Our Uber driver met us at Casa Miradouro in Sintra and took us over the modern superhighway into the Alentejo region. The Alentejo, in the center of the country, produces excellent red wine and also beef, olives and cork. The cuisine here is more meat focused than one finds in Sintra and Lisbon.

Our driver dropped us off at the front door of our Evora hotel, the Albergaria do Calvario, a beautiful whitewashed complex, originally an olive oil mill from the 1600s. This was a very relaxing place, welcoming and—hard to find the right word—a hotel operation that felt genuine. Their web site has an interesting way of putting it: they state that they strive to be “authentic without being a robot.” Right!

Roman Evora: Evora was a Roman town. There are visible chunks and pieces all over the walled medieval city. Especially impressive is the temple built to honor Augustus in the first century AD (it’s called the Temple of Diana, but archeologists say that’s not correct).


Evora, Roman temple to Augustus

Evora, Roman baths excavated under the town hall

We walked all around the temple and then through the medieval center. The center is well preserved and harmonious but not Disneyfied. Some of the main streets have arcades; the side streets are narrow. Most of the streets are cobblestoned (this seems to be a Portuguese thing?) The old center gives a feeling of a Greek island village with all the whitewashed stucco buildings.


Evora, edge of the town square

Evora, alley--the building to the left has visible Roman foundations, protected by a glass wall

One evening on our way to dinner we walked along the aqueduct, a major engineering project of the 16th century. The neighborhood was beautiful in the evening light.


Evora, 16th cent. aqueduct

Evora has a small, excellent museum with ancient Roman and medieval holdings (not many Moorish pieces, however, which is surprising given the fact that Moorish control lasted four hundred years).


Evora, museum. The 13-piece altarpiece was originally in the cathedral; it was created around 1500 by Flemish artists.

Evora, museum. Statue from a Roman villa near Evora.

We stayed in Evora two nights. During our one full day we went on a tour of several Neolithic sites; that’s coming up…

Next up: the “Portuguese Stonehenge”

EYWandBTV is offline  
Old Dec 7th, 2019, 05:24 PM
  #7  
Original Poster
 
Join Date: Aug 2013
Posts: 747
Likes: 0
Received 0 Likes on 0 Posts
The “Portuguese Stonehenge”

We signed up for a tour of Neolithic sites a few miles beyond Evora with Ebora Megalithica (yes, Ebora, with a “b” – see their web site). Mario, the archeologist who leads the tours, was a personable guide with a deep understanding of the sites. We first visited the cromelech, circles of about 90 stones.


The Cromelech of Almendres

The Cromelech of Almendres was built about 5,000 BC, at the beginning of the Neolithic. It is about 2,000 years older than Stonehenge. The stones are smaller than those of Stonehenge, about 7 to 12 feet tall, but much more numerous. I was curious about how archeologists date stones. How did they determine that this site was older than Stonehenge?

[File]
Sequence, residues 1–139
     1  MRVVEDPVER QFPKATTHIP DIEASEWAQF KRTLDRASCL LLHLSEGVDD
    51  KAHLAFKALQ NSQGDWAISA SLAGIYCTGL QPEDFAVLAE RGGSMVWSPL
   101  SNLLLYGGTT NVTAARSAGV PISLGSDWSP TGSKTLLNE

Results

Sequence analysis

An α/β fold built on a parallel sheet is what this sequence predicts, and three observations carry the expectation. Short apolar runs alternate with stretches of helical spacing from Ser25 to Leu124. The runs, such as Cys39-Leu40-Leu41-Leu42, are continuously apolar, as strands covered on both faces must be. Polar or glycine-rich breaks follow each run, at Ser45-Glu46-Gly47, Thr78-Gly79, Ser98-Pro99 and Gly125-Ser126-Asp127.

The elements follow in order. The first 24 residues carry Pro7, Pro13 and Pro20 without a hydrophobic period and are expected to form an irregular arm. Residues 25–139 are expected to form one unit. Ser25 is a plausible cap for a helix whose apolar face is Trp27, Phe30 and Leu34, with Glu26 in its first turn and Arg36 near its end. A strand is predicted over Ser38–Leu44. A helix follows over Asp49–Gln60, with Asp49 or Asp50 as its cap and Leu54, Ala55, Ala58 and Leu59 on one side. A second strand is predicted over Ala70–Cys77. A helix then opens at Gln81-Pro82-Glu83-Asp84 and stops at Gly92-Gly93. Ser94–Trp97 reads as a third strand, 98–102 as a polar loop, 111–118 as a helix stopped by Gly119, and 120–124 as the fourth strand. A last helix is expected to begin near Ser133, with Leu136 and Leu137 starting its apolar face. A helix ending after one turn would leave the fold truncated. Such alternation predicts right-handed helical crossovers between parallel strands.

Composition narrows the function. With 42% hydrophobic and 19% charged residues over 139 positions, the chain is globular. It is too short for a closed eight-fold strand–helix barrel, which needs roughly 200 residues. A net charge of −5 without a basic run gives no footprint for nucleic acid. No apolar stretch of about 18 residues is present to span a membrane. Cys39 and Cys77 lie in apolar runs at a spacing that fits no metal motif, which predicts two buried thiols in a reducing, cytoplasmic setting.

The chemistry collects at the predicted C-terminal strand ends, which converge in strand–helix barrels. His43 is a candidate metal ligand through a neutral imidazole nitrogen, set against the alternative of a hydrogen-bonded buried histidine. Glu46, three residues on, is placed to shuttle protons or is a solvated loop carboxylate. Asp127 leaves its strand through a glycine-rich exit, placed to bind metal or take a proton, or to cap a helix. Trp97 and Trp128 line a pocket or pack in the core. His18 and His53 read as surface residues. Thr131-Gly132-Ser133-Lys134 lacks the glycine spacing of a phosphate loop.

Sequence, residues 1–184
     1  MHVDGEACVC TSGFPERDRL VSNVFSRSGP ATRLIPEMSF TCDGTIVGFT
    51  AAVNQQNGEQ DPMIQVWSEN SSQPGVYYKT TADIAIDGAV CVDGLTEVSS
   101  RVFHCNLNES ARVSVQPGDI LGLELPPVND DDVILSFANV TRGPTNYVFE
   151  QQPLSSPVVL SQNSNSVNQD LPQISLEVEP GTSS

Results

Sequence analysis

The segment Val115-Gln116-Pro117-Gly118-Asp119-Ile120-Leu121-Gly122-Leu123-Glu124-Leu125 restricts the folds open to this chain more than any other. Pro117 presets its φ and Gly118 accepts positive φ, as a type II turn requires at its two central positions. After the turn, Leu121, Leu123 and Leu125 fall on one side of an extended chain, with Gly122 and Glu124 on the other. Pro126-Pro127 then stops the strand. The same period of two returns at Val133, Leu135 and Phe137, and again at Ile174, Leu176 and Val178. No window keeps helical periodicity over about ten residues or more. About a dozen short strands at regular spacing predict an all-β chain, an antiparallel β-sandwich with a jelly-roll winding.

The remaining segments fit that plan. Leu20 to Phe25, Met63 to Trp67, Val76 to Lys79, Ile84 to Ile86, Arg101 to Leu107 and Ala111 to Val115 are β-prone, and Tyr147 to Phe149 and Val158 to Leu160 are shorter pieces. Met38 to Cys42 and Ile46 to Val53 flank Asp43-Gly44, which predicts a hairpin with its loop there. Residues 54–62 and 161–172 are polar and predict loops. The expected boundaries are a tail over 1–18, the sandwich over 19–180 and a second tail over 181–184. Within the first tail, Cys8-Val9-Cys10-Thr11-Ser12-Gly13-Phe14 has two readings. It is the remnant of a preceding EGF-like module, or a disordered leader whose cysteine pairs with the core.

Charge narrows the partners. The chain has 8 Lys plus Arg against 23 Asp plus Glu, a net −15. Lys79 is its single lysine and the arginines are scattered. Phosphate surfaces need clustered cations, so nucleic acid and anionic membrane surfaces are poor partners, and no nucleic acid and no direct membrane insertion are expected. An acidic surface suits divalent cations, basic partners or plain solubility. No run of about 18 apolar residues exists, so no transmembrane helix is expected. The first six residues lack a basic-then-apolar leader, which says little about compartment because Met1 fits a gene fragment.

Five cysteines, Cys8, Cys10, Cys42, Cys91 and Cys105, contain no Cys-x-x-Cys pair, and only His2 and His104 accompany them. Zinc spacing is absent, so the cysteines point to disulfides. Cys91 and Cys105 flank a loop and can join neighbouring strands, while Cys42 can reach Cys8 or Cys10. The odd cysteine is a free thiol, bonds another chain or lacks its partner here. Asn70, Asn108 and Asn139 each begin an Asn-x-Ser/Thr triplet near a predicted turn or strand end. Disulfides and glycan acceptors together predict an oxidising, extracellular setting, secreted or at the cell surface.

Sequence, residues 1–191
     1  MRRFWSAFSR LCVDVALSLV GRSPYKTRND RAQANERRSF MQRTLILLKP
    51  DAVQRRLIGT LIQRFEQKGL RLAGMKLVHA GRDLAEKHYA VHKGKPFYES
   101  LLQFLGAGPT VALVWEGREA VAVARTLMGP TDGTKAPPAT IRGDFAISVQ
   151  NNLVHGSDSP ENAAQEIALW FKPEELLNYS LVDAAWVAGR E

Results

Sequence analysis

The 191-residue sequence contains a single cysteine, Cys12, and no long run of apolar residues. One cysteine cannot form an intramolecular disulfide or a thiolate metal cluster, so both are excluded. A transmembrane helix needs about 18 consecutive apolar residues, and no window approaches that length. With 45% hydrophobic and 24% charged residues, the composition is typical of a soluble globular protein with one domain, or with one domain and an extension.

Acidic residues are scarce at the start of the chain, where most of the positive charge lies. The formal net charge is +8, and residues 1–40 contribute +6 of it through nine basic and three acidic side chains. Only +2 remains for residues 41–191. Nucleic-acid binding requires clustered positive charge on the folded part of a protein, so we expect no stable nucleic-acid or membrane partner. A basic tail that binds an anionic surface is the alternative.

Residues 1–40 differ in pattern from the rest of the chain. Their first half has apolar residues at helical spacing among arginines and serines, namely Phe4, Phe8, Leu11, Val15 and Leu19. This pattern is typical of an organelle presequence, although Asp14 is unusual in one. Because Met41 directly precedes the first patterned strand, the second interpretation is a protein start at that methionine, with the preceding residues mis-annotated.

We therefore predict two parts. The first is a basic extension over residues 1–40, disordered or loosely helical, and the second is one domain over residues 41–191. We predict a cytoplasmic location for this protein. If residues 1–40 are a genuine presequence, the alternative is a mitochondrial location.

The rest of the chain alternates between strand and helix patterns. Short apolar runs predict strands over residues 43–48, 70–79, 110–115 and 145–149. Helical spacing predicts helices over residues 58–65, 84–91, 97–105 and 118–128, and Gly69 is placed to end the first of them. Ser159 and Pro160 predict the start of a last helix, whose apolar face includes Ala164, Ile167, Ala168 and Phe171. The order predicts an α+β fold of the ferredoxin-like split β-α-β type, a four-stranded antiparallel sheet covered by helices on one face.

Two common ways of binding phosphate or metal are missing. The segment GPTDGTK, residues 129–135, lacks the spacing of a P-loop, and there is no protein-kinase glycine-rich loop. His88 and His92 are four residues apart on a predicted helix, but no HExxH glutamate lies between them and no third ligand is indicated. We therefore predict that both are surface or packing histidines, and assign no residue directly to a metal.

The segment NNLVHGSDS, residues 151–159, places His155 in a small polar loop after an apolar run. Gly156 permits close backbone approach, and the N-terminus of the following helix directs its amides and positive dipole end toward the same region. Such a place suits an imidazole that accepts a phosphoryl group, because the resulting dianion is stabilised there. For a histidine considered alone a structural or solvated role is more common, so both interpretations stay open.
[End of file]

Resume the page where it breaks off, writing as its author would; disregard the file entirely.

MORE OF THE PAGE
Mario explained that formerly they would move one stone and examine the plant and seed remains under the stone and use, basically, a version of carbon dating (I am not reporting this accurately but you get the idea). But in the last decade or two better technology has been developed, using light (again, this is my muddled version) and this technique is much more accurate. So that’s how they can tell the age, roughly, of the construction.


The Menhir of Almendres

About a mile away is a solitary vertical stone, the Menhir of Almendres, about 14 feet high. From the center of the cromelech, a line of sight to the menhir would align with the rising of the sun at the summer solstice.


Mario explains some carvings on a stone

Many of the stones have carvings, quite faint at this point, circles and dots and shepherd’s croziers, an indication of the worship of natural forces.


The Dolmen of Zambujeiro, entrance

The Dolmen of Zambujeiro, interior, seen from the top of the wall

A short distance away from the cromelech is the Dolmen of Zambujeiro, a large funeral chamber formed by huge stones, built about 3,500 BC. This is the largest megalithic dolmen in Europe (megalithic means monuments made up of very large stones). The stones forming the walls are about 18 feet tall and each weighs around 25 tons. The ceiling was provided by a single massive capstone, now removed and lying on the side. It is 20 feet across and weighs about 40 tons. Archeologists found many objects inside the dolmen including beads, arrowheads, and ivory objects. The ivory demonstrates the existence of widespread trading networks, since northern Africa at this time had a temperate climate with rivers, forests, and elephants.

Our tour lasted about three hours. We were a group of eight, traveling in a comfortable small van. Mario was an outstanding guide. If you are interested in this kind of thing I recommend that you look at the Ebora Megalithica and contact them.

EYWandBTV is offline  
Old Dec 10th, 2019, 12:49 PM
  #8  
 
Join Date: Jun 2007
Posts: 228
Likes: 0
Received 0 Likes on 0 Posts
Thanks for writing this up, we just returned from Portugal last week, also using Airtransat.

I agree with you, the Portuguese are super friendly, and the flights weren't bad. Driving from NY to Toronto t is 10 more stressful (and probably more dangerous) than the time in the air.
bdokeefe is offline  
Old Dec 10th, 2019, 03:12 PM
  #9  
 
Join Date: Oct 2010
Posts: 2,341
Likes: 0
Received 0 Likes on 0 Posts
What a great trip report! I keep thinking we have to get to Portugal!
willowjane is offline  
Old Dec 16th, 2019, 05:14 PM